GGC students challenged to find their “why” at fall commencement
Georgia Gwinnett College (GGC) conferred more than 460 degrees at its fall commencement ceremony held today at the Infinite Energy Center Arena in Duluth.
This is the second time that President Jann L. Joseph presided over the event. Joseph, who became GGC president in July, said that she is proud of the hard-working students, faculty and staff that define GGC.
“GGC truly is a learning community uniquely designed to support student success through faculty mentoring and engagement, active hands-on learning, innovative practices and opportunities that distinguish us within higher education,” she said.
Among the successes that distinguish GGC, Joseph noted the recent University System of Georgia’s annual impact study, which showed that the college contributed $515 million to the local economy last year and a total of $3.77 billion since its founding in 2005.
Joseph also shared that GGC was the first college in Georgia to earn the Heart-Safe Campus designation from Children’s Healthcare of Atlanta Project SAVE (Sudden Cardiac Death, Awareness, Vision for Prevention and Education) program. Earlier this week, this designation earned GGC the Gwinnett Chamber of Commerce’s Corporate Innovation Award at its annual Healthcare Awards Dinner.
A particular point of pride was GGC’s ranking this year as the most ethnically diverse Southern regional college by U.S. News & World Report.
“Of course, the diversity of GGC’s student body is not only measured by ethnicity. Our students represent all walks of life, and each one is unique and equally important,” said Joseph.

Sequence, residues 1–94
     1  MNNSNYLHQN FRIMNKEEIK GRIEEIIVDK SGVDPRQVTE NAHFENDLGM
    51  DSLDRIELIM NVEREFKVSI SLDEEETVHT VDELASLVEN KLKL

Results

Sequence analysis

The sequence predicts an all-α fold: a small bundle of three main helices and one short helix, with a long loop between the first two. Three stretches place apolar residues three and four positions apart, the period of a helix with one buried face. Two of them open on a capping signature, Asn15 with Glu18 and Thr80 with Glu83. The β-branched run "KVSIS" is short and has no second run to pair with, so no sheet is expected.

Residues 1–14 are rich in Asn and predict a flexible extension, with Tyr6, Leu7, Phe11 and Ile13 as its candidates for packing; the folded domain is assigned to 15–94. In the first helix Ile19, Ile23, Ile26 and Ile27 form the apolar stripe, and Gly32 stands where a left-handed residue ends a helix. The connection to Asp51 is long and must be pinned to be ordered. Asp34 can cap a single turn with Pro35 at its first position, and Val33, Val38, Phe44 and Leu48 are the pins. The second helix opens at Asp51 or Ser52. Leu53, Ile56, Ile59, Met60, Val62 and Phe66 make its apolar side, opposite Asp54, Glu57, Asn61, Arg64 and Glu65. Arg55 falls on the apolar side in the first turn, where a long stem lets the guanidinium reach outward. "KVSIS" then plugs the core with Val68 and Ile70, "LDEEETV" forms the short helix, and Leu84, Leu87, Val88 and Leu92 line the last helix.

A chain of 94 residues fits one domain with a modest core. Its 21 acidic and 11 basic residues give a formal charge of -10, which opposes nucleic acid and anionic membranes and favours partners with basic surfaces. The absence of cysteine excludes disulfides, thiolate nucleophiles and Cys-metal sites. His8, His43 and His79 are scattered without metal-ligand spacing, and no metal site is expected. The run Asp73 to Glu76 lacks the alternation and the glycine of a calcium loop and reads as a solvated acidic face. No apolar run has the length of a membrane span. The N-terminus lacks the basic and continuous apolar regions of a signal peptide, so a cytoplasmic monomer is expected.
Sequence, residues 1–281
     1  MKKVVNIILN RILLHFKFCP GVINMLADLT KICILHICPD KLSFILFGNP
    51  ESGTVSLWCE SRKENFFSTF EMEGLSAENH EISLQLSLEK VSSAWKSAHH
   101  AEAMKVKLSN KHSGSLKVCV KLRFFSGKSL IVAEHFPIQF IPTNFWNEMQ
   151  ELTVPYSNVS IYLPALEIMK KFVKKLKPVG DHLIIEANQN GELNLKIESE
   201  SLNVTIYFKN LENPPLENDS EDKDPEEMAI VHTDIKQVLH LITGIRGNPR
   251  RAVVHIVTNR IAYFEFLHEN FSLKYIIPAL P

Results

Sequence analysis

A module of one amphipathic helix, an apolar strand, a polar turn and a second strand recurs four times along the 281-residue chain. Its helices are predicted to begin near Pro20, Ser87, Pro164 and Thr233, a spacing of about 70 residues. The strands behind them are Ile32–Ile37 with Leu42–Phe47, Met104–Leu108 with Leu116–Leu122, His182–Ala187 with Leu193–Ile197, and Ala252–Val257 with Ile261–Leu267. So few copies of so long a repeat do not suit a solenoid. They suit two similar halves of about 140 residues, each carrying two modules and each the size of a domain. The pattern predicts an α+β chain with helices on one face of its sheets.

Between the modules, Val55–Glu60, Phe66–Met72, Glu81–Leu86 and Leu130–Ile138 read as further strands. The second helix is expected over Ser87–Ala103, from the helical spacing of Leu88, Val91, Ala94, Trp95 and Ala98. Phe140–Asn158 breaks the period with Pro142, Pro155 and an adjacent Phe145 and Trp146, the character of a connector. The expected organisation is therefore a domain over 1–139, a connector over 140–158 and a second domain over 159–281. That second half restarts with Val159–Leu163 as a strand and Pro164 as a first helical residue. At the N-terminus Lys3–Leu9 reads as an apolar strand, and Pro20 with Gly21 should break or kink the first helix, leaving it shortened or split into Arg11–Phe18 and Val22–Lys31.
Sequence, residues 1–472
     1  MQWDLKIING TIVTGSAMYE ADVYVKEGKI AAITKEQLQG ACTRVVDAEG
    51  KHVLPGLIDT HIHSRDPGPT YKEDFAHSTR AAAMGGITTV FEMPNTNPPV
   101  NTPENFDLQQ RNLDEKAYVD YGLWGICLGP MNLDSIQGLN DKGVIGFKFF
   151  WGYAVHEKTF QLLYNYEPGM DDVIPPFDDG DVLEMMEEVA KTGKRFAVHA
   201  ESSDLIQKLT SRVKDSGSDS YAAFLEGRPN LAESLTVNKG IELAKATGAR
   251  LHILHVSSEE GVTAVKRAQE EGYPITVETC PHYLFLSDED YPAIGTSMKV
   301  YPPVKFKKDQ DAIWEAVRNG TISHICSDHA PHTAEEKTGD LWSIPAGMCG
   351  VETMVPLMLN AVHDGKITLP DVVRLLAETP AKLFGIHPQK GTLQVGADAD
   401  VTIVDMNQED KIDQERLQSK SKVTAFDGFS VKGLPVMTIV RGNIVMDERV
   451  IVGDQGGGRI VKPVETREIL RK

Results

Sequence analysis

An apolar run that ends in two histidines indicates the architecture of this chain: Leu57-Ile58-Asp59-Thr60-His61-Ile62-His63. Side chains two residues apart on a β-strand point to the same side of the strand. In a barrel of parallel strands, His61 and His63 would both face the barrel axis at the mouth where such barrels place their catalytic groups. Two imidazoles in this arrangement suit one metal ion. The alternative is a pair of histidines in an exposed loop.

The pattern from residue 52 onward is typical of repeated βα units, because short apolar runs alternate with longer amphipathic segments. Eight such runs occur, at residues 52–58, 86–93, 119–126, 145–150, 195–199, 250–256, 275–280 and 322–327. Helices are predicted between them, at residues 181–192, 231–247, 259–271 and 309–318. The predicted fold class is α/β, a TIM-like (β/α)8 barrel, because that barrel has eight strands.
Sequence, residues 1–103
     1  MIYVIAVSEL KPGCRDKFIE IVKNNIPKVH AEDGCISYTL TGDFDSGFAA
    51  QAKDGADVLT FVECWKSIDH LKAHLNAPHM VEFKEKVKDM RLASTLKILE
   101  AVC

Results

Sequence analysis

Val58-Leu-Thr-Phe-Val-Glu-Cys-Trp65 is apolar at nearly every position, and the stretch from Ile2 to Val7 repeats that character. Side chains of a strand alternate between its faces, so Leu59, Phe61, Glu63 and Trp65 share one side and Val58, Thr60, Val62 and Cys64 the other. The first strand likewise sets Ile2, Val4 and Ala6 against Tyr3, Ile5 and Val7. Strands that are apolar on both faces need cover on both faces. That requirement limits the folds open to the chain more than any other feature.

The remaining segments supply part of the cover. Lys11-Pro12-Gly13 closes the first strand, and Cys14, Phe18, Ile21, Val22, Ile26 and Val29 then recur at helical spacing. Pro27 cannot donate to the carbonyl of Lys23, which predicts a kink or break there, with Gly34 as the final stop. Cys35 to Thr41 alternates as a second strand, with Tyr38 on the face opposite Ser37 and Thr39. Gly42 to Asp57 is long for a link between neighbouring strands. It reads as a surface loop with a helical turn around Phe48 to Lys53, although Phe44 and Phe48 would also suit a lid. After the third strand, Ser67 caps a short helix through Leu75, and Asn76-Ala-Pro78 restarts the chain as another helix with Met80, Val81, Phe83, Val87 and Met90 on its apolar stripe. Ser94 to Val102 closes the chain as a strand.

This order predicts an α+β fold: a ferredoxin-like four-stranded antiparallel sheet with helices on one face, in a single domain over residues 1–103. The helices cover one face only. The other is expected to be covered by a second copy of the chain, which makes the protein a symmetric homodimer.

Representing the graduates was nursing student Benjamin Coker, who challenged his classmates to find their motivation – he called it finding their “why.” Coker found his “why” as a freshman, when he learned that his father had been diagnosed with stomach cancer.
“That year forever changed me,” he said. “He was my rock, my safety net, my dad.” As the disease progressed, Coker watched his 230-pound father drop to 110 pounds in less than a year.
In the last week of his father’s life, Coker told his dad he was going to pursue a career in nursing.
“He passed in the following days, and I’ve held one of my final promises to him close to my heart. It helps fuel my passion, and it helps me understand my ‘why.’”
During his speech and in the presence of his mother, his brother, George, who also is a GGC student, family and friends, Coker challenged his fellow graduates to find their own “why” and depend on that motivation throughout their lives.
“When you look at your cap and gown tomorrow, five years from now, 10 years from now, even 20, and you're pulling it out of an attic, or out of the back of your closet, I don't want you to remember the hard times, the late nights, or even my speech. I want you to remember your “why”… smile … then get back to it.”